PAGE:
In one of those happy accidents, I read Edith Wharton's The House of Mirth right after I finished Donna Tartt's The Secret History. Tartt owes a lot to Wharton (of course, who doesn't?), indeed, as The Times review of History says, Tartt's novel "owes more to the nineteenth century than the twentieth."
History has that close, dense, tightly knitted prose that makes postmodern readers, so used to sprawling patches of white space in their text, despair. In fact, it's sometimes a little jarring to remember that History is taking place on a bacchanalian campus instead of a restrained drawing room (and, although I also went to a small liberal arts college, I don't remember it being nearly as wild and drug-sodden as the grounds of upstate Hampden University - perhaps I was in the wrong dorm).
Californian Richard Papen, a product of tract homes and one-dimensional middle class life, escapes to the verdant hills of Vermont and promptly gifts himself with a new past, complete with prep school and oil money. Gifted in Greek, Papen tries to join a tiny and exclusive group of students who study with the university's only Greek professor, Julian, whose idiosyncratic methods are tolerated by the faculty for mysterious reasons. Initially rebuffed, Papen becomes fascinated with Julian's students, some of whom have money, but all of whom have an insouciant charm born of the utter confidence in their patrician backgrounds.
Papen is allowed to enter the group and eventually becomes friends, of a sort, with the other students, joining in their slavish devotion to the charming Julian and the exhaustive study of Greek classics, to the exclusion of everything else. But something holds Papen apart from the students - his invented past, his lack of breeding, his dearth of confidence? His fellow students - wealthy, gay Francis, beautiful twins Charles and Camilla (did Tartt intend that pun?), wealthy, disturbingly intelligent Henry, and boastful Edmund, form a tight circle devoted to their professor, Greek, and living an anachronistic life amongst the other college students, complete with moldering country house, outdated card games, and antiquated liquor.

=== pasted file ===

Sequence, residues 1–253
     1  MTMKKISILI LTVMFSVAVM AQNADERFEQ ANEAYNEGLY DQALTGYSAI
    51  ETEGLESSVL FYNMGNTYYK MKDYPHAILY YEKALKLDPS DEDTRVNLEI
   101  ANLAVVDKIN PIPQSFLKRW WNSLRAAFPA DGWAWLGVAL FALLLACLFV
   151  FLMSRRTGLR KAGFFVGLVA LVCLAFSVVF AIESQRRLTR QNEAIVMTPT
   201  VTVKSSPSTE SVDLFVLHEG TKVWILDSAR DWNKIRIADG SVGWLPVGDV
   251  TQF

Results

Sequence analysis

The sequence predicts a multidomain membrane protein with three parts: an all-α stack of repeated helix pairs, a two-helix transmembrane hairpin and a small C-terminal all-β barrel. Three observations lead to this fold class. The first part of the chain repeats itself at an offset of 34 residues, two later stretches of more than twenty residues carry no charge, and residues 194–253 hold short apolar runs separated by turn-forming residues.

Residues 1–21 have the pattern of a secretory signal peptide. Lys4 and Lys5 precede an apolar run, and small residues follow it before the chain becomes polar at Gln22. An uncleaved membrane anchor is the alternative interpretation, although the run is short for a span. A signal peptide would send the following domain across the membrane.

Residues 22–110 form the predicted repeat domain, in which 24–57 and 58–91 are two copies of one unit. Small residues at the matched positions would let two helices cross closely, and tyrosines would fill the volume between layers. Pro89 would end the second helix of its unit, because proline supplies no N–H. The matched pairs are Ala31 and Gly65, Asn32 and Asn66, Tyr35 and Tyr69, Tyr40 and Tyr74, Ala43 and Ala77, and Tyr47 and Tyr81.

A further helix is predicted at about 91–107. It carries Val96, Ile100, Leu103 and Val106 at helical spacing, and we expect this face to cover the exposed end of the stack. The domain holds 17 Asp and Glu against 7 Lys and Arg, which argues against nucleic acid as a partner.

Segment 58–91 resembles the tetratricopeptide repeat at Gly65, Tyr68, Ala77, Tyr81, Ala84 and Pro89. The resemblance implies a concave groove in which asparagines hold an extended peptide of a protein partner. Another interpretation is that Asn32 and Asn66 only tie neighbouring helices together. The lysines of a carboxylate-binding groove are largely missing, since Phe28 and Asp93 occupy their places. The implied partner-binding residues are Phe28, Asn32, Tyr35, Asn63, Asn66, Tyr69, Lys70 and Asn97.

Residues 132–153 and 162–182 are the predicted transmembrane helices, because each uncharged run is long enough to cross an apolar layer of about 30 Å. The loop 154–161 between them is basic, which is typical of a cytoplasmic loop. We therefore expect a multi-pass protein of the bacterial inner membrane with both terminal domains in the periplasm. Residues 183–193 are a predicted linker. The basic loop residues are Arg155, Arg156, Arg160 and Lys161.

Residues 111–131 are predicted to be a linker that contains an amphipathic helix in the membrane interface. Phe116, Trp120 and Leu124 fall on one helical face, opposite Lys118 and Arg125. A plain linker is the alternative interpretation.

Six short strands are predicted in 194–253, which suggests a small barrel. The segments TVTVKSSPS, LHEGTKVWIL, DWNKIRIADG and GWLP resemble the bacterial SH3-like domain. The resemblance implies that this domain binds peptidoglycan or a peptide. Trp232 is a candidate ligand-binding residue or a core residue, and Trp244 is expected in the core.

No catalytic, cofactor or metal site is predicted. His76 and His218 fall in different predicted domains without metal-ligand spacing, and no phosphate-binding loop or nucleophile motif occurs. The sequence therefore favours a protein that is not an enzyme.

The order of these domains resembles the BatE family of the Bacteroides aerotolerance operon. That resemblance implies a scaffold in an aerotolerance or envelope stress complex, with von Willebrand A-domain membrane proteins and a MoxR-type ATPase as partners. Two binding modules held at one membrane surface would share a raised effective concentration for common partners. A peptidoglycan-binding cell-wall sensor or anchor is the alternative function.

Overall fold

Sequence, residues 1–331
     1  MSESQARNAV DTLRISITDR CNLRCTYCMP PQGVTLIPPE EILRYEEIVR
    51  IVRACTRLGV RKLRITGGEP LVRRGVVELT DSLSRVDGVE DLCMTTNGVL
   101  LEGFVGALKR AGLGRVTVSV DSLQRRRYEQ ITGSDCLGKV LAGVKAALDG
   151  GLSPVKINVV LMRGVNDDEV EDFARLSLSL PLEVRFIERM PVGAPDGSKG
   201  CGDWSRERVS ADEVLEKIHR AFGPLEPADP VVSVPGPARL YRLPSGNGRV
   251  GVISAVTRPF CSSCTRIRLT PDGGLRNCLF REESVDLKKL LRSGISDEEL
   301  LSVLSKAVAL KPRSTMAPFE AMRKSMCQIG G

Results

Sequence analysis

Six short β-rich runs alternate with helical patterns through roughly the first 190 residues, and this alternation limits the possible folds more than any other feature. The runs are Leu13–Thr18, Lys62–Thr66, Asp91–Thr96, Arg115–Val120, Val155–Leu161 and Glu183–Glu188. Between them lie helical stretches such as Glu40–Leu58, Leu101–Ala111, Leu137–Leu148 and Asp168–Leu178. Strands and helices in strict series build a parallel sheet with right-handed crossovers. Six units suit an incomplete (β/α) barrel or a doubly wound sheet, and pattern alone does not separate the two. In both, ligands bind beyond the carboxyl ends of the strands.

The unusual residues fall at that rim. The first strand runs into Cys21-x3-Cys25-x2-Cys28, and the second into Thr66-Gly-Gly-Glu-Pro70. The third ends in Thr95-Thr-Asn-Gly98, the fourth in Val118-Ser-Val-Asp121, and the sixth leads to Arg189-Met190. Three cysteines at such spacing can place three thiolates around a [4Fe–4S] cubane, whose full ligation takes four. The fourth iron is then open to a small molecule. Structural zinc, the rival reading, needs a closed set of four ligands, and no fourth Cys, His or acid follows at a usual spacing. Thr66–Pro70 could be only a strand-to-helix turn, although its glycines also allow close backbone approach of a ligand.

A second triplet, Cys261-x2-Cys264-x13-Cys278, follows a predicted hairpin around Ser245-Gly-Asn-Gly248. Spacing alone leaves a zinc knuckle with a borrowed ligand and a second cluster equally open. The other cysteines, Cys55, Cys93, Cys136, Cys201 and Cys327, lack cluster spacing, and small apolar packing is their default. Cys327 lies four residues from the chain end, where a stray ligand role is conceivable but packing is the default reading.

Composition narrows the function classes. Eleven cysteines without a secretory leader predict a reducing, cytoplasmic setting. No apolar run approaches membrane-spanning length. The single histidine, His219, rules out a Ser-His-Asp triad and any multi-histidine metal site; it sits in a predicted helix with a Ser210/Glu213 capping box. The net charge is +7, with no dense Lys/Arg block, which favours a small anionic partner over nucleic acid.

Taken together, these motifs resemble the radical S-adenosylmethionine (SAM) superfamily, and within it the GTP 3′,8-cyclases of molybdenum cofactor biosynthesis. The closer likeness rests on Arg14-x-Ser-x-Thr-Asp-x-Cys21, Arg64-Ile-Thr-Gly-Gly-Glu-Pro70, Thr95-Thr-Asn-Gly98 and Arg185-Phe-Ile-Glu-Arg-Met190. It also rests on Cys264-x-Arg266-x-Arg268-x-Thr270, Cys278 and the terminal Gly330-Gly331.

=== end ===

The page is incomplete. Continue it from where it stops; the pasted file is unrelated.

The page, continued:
Tartt is an undeniably gifted writer, but History employs a gambit that I've never really understood. Does murder really make you lose your mind from guilt - especially the murder of someone who really, genuinely, seems to be asking for it? I find it rather unbelievable that, instead of heaving a big sigh of relief and moving on with their lives after the murder of one particularly noxious character, everyone decides to run around losing their marbles instead, with fatal consequences.
And Papen is something of a cipher. His fascination with the sophisticated and intelligence Greek students is understandable- their monied, blue-blooded past is what he dreams of - but Edmund (nicknamed Bunny) is harder to place. Obnoxious and not particularly intelligence, he sticks out amongst the other students, and his eventual expulsion from their little sanctum isn't surprising - what he was doing there in the first place is.
The Devil of Nanking, by Mo Hayder, is also about devil in man. The narrator, a young Englishwoman who calls herself Grey, is fresh out of an institution for some terrible but unspecified crime. Obsessed with the Japanese invasion of Nanking since finding a book about it among her parents' carefully sanitized library, she moves to Japan in pursuit of a Chinese man who allegedly possesses a videotape of a particularly spectacular atrocity. Grey runs into a slimy and callow American expat, who lives in a moldering dump of a Japanese mansion, and gets a job hostessing at what may be the Weirdest Nightclub in Japan (and that's saying something).
Grey zeroes in on an ancient Japanese geezer, rumored to have some sort of special medicine that prolongs his life, and promises to find it and deliver it to the Chinese professor in exchange for the videotape. Of course, the geezer WOULD be yakuza, and protected by a particularly sadistic bodyguard, his Nurse (nee the Beast of Seitama, and the suspect in the mutilation of a couple of erring henchmen).
Hayder knows her history, and Grey's search for Mr. Fuyuki's mysterious elixir is interspersed with narratives from Nanking, as the Chinese professor and his wife try to flee the murderous Japanese soldiers.
Oddly though, for a narrative that builds up as much steam as this one does, the big reveal falls kind of flat, which may be because it's hard to deliver something so awful, so atrocious, that the reader is actually going to squirm (especially in an age where you see stuff like this baby cannibal on the news). The Devil left me wondering if that was really it?
Which I'm pretty sure means I'm actually a terrible person.